The sentiment was shared by community-based organizations seeking vaccinations for their frontline employees and high-risk community members. SBH worked with more than a dozen organizations in its network that represents home care, behavioral health, and senior center employees and clients to make sure they had vaccination appointments.

As in many underserved communities, there was vaccine hesitancy. Members of the vaccination team routinely visited area grocery stores, restaurants, and businesses to provide information and answer questions. They addressed concerns and answered such questions as: should people get vaccinated if they have had the virus, if they are pregnant or trying to get pregnant, if they have allergies, or have certain health conditions? One staffer, Betty Iannaccio, an administrative assistant in the SBH Department of Medicine and a familiar figure on nearby Arthur Avenue, poked her head in at stores throughout the area known as Little Italy to remind storeowners and shoppers of the importance of getting vaccinated.

The effort was not without its challenges. When the FDA approved the use of the Pfizer vaccine for emergency use in December 2020, demand outweighed the supply on hand. People called SBH continually and were willing to drive hours to get a vaccine for themselves or family members. As eligibility widened, there was a deluge of requests.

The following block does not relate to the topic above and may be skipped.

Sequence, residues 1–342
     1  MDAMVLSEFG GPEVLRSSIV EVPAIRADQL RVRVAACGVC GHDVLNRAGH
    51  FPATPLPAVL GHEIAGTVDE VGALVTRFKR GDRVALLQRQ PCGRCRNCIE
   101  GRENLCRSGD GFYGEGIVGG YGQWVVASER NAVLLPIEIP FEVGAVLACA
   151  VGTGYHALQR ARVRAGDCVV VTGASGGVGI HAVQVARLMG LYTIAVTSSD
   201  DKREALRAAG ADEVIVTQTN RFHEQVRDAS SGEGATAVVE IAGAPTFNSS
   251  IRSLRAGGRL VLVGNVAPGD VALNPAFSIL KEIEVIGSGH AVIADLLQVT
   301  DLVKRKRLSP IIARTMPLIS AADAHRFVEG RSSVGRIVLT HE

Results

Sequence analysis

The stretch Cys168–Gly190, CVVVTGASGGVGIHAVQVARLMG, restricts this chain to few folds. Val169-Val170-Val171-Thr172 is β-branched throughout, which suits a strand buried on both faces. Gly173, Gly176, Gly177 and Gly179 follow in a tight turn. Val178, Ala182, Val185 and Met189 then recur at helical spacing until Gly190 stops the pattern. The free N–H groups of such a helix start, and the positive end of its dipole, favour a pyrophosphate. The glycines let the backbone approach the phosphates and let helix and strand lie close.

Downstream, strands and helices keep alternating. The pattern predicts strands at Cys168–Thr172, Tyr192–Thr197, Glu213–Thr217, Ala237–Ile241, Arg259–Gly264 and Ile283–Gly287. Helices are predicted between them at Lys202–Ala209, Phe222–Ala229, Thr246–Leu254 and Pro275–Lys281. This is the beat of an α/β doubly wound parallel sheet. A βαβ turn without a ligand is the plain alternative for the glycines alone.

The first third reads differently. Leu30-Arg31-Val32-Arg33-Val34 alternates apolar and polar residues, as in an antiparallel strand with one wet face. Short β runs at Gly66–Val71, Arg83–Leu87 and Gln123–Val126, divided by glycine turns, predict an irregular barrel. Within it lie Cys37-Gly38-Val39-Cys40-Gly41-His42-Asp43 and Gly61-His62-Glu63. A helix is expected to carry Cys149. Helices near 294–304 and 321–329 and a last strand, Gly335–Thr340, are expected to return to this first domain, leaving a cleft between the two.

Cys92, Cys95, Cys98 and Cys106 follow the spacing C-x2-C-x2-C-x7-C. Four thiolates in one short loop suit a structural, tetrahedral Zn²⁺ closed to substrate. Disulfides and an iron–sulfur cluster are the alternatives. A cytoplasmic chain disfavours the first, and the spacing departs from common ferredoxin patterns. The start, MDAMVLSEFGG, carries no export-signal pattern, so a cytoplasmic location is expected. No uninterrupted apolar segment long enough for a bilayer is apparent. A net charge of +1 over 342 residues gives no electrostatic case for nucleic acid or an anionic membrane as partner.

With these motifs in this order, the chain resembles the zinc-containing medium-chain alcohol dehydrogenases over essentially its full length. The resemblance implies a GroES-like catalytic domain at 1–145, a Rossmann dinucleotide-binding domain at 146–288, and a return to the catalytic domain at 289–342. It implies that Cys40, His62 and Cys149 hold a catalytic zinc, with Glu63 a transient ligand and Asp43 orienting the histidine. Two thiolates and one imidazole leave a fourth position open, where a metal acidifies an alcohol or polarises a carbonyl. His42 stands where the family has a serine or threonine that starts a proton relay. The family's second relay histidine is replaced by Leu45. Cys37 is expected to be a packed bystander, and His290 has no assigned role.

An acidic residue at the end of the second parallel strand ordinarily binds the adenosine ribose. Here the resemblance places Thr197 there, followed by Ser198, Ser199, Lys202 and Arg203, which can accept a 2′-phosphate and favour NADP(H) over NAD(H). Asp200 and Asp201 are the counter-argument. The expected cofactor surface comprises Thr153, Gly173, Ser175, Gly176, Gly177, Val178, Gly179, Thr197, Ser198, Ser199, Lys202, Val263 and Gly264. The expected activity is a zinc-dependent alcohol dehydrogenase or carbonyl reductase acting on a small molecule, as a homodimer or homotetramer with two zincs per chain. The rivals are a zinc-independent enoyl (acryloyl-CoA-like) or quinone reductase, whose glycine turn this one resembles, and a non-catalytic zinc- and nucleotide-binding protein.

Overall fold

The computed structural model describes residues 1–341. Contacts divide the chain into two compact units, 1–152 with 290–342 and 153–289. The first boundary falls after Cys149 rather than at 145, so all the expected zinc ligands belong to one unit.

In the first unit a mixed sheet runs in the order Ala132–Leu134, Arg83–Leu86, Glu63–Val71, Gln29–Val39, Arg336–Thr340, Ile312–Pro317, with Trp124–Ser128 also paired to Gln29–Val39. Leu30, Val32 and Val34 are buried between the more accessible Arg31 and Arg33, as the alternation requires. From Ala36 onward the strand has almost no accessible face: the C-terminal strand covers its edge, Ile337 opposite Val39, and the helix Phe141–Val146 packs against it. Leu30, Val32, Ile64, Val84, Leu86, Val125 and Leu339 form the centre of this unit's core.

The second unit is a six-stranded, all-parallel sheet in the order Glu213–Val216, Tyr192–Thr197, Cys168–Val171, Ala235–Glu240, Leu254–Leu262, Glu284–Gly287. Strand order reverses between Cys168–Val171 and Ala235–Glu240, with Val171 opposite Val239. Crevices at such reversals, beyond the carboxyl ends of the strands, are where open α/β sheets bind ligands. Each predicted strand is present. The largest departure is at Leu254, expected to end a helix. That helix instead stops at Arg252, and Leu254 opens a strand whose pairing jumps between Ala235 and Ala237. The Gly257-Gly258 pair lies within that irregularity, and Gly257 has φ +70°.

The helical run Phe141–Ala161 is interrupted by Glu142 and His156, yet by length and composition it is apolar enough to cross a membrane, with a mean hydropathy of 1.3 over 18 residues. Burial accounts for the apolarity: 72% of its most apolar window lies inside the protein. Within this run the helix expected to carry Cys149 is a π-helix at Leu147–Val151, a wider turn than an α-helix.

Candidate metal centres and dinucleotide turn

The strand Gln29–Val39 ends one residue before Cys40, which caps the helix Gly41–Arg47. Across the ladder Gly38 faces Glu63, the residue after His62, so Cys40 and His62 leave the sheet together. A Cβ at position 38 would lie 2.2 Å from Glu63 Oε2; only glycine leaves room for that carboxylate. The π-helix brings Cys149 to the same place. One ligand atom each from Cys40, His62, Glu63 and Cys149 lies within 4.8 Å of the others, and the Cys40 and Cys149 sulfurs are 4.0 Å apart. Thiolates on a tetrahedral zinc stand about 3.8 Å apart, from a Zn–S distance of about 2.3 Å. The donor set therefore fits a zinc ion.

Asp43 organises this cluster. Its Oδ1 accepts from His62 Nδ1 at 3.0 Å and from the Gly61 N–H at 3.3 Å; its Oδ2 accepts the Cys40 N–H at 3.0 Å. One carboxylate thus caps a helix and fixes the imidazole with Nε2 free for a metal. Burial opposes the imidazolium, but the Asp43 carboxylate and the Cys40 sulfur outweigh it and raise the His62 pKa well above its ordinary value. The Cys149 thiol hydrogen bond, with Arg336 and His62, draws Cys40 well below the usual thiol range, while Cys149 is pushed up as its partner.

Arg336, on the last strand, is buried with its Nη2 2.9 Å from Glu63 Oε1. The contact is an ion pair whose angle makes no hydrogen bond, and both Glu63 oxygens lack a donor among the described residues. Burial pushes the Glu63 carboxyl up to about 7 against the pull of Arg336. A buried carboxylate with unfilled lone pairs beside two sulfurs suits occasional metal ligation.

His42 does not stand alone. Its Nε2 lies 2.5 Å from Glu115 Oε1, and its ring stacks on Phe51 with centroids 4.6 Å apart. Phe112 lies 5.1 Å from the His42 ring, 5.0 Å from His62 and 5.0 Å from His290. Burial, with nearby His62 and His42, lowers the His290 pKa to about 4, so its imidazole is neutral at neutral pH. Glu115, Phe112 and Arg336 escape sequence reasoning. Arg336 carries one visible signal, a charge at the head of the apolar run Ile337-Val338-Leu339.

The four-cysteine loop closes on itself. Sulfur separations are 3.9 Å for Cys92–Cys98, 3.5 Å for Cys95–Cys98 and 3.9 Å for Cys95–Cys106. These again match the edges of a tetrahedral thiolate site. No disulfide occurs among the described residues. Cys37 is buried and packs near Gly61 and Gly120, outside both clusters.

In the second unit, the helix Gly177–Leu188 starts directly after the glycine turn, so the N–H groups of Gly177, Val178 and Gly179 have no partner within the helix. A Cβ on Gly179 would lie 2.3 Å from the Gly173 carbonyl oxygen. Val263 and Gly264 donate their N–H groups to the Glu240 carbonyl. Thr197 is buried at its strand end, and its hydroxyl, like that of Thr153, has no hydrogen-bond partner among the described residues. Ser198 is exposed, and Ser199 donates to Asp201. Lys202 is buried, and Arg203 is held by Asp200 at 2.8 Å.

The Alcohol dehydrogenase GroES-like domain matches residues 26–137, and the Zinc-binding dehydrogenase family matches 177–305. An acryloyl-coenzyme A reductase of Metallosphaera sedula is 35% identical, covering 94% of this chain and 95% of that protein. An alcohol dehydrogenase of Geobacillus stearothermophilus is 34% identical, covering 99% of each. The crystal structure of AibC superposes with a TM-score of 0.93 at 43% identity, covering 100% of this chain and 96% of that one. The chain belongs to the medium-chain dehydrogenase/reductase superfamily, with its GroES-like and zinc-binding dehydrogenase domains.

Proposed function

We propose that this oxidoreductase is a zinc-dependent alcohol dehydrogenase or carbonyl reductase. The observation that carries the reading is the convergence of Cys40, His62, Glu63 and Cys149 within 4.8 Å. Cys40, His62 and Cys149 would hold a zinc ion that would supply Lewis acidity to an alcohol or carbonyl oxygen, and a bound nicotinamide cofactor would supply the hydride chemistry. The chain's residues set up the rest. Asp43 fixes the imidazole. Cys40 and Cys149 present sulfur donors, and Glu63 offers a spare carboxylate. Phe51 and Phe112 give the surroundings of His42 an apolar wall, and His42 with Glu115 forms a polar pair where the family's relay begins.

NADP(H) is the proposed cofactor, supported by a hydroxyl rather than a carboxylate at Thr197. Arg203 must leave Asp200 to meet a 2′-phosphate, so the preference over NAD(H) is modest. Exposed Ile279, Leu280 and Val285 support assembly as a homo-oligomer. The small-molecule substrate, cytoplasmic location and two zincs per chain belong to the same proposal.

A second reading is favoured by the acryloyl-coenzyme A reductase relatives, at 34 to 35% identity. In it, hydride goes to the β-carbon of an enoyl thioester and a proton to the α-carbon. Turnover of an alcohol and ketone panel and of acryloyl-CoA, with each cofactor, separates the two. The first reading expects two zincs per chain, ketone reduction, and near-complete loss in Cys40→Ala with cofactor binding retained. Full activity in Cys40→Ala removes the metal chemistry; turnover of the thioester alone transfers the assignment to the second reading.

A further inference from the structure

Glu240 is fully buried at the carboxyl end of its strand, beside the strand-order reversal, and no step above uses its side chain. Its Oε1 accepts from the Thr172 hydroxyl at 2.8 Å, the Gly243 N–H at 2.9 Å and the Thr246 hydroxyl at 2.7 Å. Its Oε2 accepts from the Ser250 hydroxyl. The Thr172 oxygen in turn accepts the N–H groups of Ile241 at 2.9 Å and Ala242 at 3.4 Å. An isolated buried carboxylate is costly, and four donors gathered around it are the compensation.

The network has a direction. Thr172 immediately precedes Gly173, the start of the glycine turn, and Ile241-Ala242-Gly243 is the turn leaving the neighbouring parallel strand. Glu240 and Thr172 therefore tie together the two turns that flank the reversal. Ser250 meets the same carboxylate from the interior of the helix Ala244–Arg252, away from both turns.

As more vaccine sites opened up in the spring, people booked appointments at multiple sites to secure the most convenient place or time. As a result, there were last-minute cancellations and no-shows often resulting in extra vaccine doses on hand by the last appointment.

SBH was committed to ensuring that no dose goes to waste. In addition to an online waiting list, the vaccination team engaged a network of community members and organizations that matched people who could come on short notice to fill cancellations.

Mike Boylan joined those ranks and brought more than 30 people to be vaccinated when there were extra vaccines.

Rabbi Shoshana Leis of the Hebrew Congregation of Somers also took this mission to heart. “I learned about St. Barnabas’s work to make sure no vaccine shot gets wasted and felt like this was an important way to help our country’s vaccination effort,” she says. She connected with three temples and recruited 223 people who were able to fill open spots on just two hours’ notice.

According to Lin, the success of the effort was fueled by the community’s positive feedback, the support of all those who want to help in the effort, and the dedicated staff of SBH.

”The SBH community wholeheartedly pitched in. We had nurses, doctors, and many other staff and their family members volunteering to fill in the gaps on mornings, weekends, and their days off,” he says. “Patients, neighborhood residents, stores, and local organizations were always asking ‘what can I do to help?’ It was the most important thing we could do for our community and they wanted to be a part of it.”